Paddy Flanagan

Paddy Flanagan (the oldest member of The Squad)

Dalton had done most to find the information to condemn the men in the house in Pembroke Street. He had courted the maid there, got an IRA man employed as the porter ; he watched until he knew that the two men he wanted slept in rooms on the third floor. The rest of the British officers in the house were lives that may or may not be taken on the day. Dalton met Paddy Flannigan at five minutes to nine as they had arranged the night before. There were brief introductions to the men Flannagan had brought along. Daltons said

I was with Flannagan and 2 fellows and we went up the left hand stairs to the third flight. I knew the one where Dowling and Montgomery were for the girl had told me. The other doorway was adjacent and there was a landing …The two lads were in bed in pyjamas and Paddy Flannigan said for us and they got up rather startled and I thought this was the [time?] and I wanted the papers. They were against the wall when Paddy fired. The fellows fell and they made a gurgling sound. Said I to Paddy Flannigan ‘ I want to search the bloody room.’ ‘Get to hell out of this ’ said Paddy. The other fellows brought their men to the hallway. They had the men in pyjamas and they had their hands up. I was stopped by the 3rd Bn officers. ‘Who are you they asked?’ ‘I’m an intelligence officer’, I said and here were not more than 6 or 7 in the house. The[y] were lined up. They were held up on the staircase to the cellers. I saw one hit the floor and [fall] down the stairs. Paddy Flannigan said goodbye and went up by Earlsfort Terrace.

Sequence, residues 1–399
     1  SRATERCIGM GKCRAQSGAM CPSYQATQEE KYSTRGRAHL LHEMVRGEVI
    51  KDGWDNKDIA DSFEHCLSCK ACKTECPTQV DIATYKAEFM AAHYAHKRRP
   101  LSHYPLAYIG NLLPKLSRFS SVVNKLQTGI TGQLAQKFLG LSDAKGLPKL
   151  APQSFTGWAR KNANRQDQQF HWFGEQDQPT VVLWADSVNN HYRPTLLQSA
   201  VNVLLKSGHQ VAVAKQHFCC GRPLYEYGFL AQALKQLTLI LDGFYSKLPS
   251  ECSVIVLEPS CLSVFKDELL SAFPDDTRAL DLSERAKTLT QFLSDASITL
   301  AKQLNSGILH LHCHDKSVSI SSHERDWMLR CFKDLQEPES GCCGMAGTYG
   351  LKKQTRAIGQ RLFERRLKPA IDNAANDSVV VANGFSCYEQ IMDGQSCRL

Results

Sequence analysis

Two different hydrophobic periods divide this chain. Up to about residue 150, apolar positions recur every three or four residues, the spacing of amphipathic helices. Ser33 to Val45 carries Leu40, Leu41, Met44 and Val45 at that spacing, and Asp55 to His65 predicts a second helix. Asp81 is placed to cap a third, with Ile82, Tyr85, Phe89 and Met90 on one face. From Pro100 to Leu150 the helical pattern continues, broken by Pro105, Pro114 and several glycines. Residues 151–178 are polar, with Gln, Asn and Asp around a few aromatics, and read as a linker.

The two lads in the pyjamas were Major C. M. C. Dowling and Captain Leonard Price. It was not Montgomery as Dalton suspected. Paddy Flannigan shot Dowling twice and Price once and Flannigan was an accurate shot. The bullets to the chest killed both.

Mick O’Hanlon remembered, “When we got in we found our man had a girl and that he was covering the door and the landing …none of us fired as she was in bed with him and she covered him with her arms…But this moment soon passed. Following the hesitation O’Hanlon notes simply, “Mick Flanagan shot him.” Some didn’t hesitate. O’Hanlon also recalled that one of the victims, “an old major”, had a meal prepared. “Mick White ate the breakfast.”


I was then instructed by him to attend at Oriel Hall at the back of Amiens Street Railway Station on a certain night, late in 1920, for the formation of the Unit. I attended at Oriel Hall on the appointed night and there I met between 40 and 50 other members from different units in the Brigade. We were addressed by Oscar Traynor. First of all he told us that Michael Collins was to have been there but was unable to make it. He then informed us that the British were becoming too cocky in the city and were being allowed too much freedom of movement to carry out their policy of subduing the population and that it had been decided to counter this activity by giving them battle on our own ground. Whilst complimenting us on our patriotism in coming forward he said that he did not hold out much hope of us surviving but then he added that there would be more men to take our places. We were then organised into four Sections, one Section to operate in each of the four Battalion areas. Our assignment to the different Sections was decided by our individual places of residence in the city. As I was residing at that time in the 4th Battalion area I was assigned to the Section in that area. On that night also, Paddy Flanagan, who came from the 3rd Battalion, was appointed O/C of the Unit. Section Commanders were appointed for each Section and Gus Murphy was appointed Section Commander of our Section with the 4th Battalion. When Gus was killed Micky Sweeney took his place. The Unit worked in the following manner:

Ira men